Lighthouses of Australia Project - JANUARY 00 BULLETIN
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A Visit to Kangaroo Island - Cyril Curtain
South Australian Expedition (Part 1)
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Dear Friends

South Australian Trips

Well Grant Maizels, Cyril and Roger Curtain, and Deb, Ed and myself have all returned from our trips to South Australia.

The Cape du Couedic Tower. [Photograph: Cyril Curtain]

Cyril presents an interesting report on the success of conservation process on Kangaroo Island and the successful interaction between National Parks, AMSA and the needs of the community at large.

Inspecting the Point Malcolm Lighthouse. [Photograph: Deborah Taylor]

Deborah, as witty as usual, has included the first installment in her trip report for the South Australian Expedition.

We hope to see a report from Grant and Tracey on their Kangaroo Island trip in an upcoming addition.

Whoa! It's all too much.

Sorry about the bulletin being so late, but with most people involve returning from trips, taking a week to recover then creating time for reports etc it has finally happened.

More volunteers please?

Next months bulletin should come back to within a week of the start of the month.

Hopefully it will contain some exciting news about how you can become more involved in helping the Project.


Notice Board:

Calling All Low Isles Keepers

The Low Isles Lighthouse . [Photograph: Tina Alderson]

Hi Malcolm

I am trying to track down any info on the Low Isles Lighthouse and past keepers or their families.

We are trying to record down as much info as possible and talk to as many past keepers and family members as possible.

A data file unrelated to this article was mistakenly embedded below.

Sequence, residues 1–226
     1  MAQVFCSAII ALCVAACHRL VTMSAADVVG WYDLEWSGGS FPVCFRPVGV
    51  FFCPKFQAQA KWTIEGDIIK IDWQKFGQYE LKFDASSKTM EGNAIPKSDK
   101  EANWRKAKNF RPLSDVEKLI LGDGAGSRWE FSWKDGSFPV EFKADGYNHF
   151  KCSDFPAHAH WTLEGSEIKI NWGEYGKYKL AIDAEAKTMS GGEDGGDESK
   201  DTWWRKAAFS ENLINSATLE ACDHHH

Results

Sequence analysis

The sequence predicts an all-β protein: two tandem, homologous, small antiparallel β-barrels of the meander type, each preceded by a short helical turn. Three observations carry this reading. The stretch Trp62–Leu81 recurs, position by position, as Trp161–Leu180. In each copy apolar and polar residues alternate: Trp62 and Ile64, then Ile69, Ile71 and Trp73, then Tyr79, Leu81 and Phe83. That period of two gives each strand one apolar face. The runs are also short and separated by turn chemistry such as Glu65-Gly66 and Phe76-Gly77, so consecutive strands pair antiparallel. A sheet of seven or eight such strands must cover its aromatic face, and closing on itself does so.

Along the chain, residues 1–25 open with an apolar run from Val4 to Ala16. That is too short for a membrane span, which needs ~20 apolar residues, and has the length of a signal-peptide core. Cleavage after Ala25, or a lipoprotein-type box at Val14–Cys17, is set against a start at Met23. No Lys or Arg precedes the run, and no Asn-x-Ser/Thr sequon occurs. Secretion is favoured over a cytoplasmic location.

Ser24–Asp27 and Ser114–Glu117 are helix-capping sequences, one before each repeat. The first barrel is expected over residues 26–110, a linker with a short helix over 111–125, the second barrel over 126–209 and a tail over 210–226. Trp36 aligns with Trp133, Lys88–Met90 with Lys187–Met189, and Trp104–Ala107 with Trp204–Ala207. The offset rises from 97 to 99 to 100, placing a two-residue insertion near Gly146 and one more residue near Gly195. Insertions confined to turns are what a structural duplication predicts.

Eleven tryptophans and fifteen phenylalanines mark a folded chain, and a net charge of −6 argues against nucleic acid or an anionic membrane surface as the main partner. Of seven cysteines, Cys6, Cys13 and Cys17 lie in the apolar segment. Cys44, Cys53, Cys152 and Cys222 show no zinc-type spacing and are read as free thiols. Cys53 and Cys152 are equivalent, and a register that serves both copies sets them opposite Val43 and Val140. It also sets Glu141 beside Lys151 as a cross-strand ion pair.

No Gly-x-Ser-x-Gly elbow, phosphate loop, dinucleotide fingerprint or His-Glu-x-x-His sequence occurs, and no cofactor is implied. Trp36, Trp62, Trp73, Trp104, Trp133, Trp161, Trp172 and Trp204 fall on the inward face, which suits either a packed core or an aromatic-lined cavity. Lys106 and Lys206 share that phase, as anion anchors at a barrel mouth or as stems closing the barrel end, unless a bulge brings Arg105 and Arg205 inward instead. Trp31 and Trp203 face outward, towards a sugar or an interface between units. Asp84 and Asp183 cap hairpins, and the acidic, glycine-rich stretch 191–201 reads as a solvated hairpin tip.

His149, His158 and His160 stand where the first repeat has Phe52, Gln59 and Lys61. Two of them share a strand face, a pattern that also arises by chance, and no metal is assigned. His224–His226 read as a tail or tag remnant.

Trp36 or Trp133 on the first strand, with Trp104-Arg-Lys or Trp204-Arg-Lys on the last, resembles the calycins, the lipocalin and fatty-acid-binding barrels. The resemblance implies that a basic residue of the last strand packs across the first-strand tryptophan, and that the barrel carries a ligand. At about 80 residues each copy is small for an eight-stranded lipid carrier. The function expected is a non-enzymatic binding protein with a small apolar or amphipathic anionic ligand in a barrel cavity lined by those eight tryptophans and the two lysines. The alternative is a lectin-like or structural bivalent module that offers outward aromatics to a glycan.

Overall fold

If there is a way that something about this could be put on the web in would be great.

My email here could be put as a contact or my phone number

Tina Alderson (07) 4099 4573 <Port.Douglas@env.qld.gov.au>.

Deal Island

Dear Malcolm,

Could you include this item if their is space in the next posting.

Cheers Christian

The Deal Island Superintendents Residence.

Earlier this year the final report for the Tasmanian Conservation Trust's project "Deal Island- Superintendents Residence project was
handed into the office of the Australian Heritage Commission (AHC). The project had seen the completion of two consultants reports
(dealing with the maintenance and heritage issues involving the building) and repairs were made to the windows and doorjambs of the old building. The Tasmanian Parks & Wildlife Service replaced the iron roof and the Superintendents house is a great deal dryer than has been for many a year.

As with any heritage building however this is not the end of the story. The building's floors are in poor condition and need to be repaired